What Is Domestic and Family Violence and Abuse?

Domestic and family violence and abuse comes in many and varied forms such as one or a combination of physical, verbal, sexual, emotional, physiological, economic or financial, cultural, spiritual, and/or social abuse in a relationship where there is unequal power with threatening, coercion, manipulation, controlling and/or domination. Domestic and family violence and abuse is generally an ongoing pattern of behaviour aimed at controlling the other person through fear. It occurs in all types of families including immediate, extended, married, de facto, separated, and divorced and may occur between any or all members such as men, women, children and elders.

Violent and abusive behaviours can include:


-includes slapping, hitting, punching, pushing, kicking, chocking, property damage to frighten and intimidate you (including punching holes in walls, breaking furniture, harming pets), depriving you of the necessities of life such as food, shelter and medical care, and sometimes murder. Physical abuse is the most obvious form of violence. It may begin with a lock of consideration for your physical comfort, but often escalates to action. Sexual abuse is part of physical abuse.


- includes yelling, shouting, insults, name-calling, put downs, swearing at you, threats, and bullying. This type of abuse is meant to degrade, demean, humiliate, and intimidate you.

Some of the things that can be threatened are:


- includes unwanted sexual acts, forcing or pressuring you to have sex, unwanted touching or any type of sexual touching or activity with a child under the age of 16 years.

Emotional / Psychological

- includes criticising your personality, looks, the way you dress, or saying you are a bad parent when this is not the case.

Economic or financial

- includes withholding or controlling of your money, not giving you enough money to survive on, forcing you to hand over your funds, not letting you decide how it is spent.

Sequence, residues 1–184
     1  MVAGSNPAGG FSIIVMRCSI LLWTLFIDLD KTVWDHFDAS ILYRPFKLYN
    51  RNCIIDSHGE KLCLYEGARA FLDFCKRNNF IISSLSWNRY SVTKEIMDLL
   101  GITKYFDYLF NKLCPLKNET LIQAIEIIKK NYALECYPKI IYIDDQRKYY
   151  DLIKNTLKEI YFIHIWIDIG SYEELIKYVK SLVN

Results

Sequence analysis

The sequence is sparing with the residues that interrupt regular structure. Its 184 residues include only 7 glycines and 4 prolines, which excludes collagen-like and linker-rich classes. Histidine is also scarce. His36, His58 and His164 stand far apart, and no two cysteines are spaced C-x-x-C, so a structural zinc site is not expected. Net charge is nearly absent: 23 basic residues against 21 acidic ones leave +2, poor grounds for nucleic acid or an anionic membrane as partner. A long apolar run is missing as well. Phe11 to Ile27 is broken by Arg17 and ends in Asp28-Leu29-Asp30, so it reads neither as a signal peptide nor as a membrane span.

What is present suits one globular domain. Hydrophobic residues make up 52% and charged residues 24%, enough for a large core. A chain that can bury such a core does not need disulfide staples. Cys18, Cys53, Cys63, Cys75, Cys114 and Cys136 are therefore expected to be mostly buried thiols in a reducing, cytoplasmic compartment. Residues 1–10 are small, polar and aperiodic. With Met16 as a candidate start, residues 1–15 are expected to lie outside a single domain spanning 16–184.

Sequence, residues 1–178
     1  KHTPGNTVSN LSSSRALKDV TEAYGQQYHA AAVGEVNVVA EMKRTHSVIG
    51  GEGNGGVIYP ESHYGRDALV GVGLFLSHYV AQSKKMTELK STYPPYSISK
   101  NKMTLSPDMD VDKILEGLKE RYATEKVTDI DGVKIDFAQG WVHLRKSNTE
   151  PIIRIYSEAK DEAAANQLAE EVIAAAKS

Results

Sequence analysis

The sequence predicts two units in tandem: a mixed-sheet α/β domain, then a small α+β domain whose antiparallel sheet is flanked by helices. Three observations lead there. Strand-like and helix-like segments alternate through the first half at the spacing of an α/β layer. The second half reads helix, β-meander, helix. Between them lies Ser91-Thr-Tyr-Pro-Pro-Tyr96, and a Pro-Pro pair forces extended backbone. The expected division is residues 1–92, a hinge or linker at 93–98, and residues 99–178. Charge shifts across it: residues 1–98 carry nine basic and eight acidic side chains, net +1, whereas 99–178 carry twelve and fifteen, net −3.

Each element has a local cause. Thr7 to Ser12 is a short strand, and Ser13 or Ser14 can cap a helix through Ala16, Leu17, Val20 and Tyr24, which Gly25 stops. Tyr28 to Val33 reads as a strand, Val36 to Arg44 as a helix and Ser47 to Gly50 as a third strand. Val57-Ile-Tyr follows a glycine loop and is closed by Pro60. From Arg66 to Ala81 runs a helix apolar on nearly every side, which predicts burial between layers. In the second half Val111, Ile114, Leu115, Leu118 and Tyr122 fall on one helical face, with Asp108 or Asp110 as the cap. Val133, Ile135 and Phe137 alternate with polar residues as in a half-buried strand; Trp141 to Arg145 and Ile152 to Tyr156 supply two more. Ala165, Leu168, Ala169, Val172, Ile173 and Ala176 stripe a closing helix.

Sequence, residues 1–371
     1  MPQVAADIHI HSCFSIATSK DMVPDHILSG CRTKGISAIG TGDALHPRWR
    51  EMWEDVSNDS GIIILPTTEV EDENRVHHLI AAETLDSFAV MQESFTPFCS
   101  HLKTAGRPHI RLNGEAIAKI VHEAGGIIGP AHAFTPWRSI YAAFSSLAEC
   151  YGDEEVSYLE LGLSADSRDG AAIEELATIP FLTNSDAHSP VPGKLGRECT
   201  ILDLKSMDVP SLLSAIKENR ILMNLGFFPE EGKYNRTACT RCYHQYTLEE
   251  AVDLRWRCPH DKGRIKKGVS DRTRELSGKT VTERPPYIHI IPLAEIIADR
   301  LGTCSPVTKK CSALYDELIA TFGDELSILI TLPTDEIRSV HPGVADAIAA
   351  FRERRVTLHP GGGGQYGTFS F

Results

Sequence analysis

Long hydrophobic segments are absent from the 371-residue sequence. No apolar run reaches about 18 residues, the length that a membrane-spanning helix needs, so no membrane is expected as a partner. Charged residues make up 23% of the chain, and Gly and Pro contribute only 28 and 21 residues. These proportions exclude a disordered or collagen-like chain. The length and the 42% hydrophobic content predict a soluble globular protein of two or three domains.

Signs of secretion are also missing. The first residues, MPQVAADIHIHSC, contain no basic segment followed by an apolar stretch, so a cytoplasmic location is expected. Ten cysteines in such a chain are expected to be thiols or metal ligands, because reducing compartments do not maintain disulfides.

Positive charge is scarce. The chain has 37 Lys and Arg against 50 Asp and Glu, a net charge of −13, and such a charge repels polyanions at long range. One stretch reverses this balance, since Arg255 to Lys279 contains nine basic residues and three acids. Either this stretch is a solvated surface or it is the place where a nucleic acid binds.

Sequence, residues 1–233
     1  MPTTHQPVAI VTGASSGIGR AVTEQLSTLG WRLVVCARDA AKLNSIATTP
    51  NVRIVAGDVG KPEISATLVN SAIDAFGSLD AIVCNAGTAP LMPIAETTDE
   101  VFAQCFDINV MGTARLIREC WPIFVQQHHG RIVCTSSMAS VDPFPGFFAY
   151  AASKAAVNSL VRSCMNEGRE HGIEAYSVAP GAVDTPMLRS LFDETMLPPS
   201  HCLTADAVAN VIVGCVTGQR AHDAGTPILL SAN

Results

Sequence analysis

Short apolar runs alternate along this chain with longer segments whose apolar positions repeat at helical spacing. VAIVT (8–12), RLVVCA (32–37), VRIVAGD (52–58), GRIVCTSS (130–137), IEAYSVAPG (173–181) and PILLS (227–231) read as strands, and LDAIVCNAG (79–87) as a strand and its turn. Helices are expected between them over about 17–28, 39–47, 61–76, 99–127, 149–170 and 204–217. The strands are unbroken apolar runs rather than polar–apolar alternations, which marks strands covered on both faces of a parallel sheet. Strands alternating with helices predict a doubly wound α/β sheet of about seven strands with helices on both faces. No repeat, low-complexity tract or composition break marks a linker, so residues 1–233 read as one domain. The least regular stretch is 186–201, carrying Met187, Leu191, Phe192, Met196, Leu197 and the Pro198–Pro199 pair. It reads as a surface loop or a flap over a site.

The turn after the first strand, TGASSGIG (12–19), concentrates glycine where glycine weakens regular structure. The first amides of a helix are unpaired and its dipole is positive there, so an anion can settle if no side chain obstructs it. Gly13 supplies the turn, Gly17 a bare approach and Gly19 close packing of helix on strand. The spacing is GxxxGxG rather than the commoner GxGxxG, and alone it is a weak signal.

Cultural or spiritual

- includes forcing you to attend cultural or religious activities against your wishes or stopping you from participating in the cultural or religious practices of your choice.


- includes being put down or laughed at in from of others, smothering where he/she controls where you go, insisting on taking you everywhere, repeatedly rings while you are at work, must always know where you are or have been, not letting you see or have contact with your friends or family, not allowing or making it very difficult to get medical treatment. The consequences of not doing as you are told are sometimes so bad that you stop anyway.


- includes constantly following you by foot or car, constantly calling you by phone, text message and email, or staying outside your house or workplace. Stalking is a criminal offence in Queensland.

Domestic and family violence and abuse takes place in many relationships within society and is not limited to groups of specific race, culture, religion, or financial status. It is inflicted on old, young, abled, disabled, straight or gay alike. Women and children are the majority of those who are subjected to violent and abusive and behaviours in the home, but there are some men who are also subjected to it.

Relationships in which domestic and family violence and abuse occurs can be divided into three main groups:

  1. Intimate personal relationships.
    a) Spousal relationship - Exists between spouses, includes couples who are married, former spouses, de facto, a parent or former parent of a child.
    b) Engagement relationship - Exists between two persons if the persons are or were engaged to be married.
    c) Couple relationship - Exists between two persons if they have or had a relationship as a couple. Consider: degree of trust, level of dependence and commitment to each other, length of time of the relationship, frequency of contact and degree of intimacy.

  2. Family relationship - Exists between two persons if one of them is/was a relative of the other. A relative is someone who is ordinarily understood to be/have been connected by blood or marriage or is/was reasonable to regard as a relative. Can be a former relative.

  3. Informal Care Relationship - Exists between two persons if one of them is or was dependent on the other person (the carer) for help in an activity of daily living. An informal care relationship does not exist: between a child and a parent of a child or if the activity of daily living is/was under a commercial arrangement.

For people who use violence, a useful definition of violence is any action which is experienced by your partner as intimidating or causing fear and therefore having the effect of your partner limiting what they say or do.

If you are in a relevant relationship and you are experiencing domestic and family violence and abuse please seek help from one of the relevant authorities which for Australians can be found at Links To More Information And Phone Numbers For Australia.

The material on this Web page is based on information found at:

© S. D. Goeldner, 2012. Last updated August, 2019.

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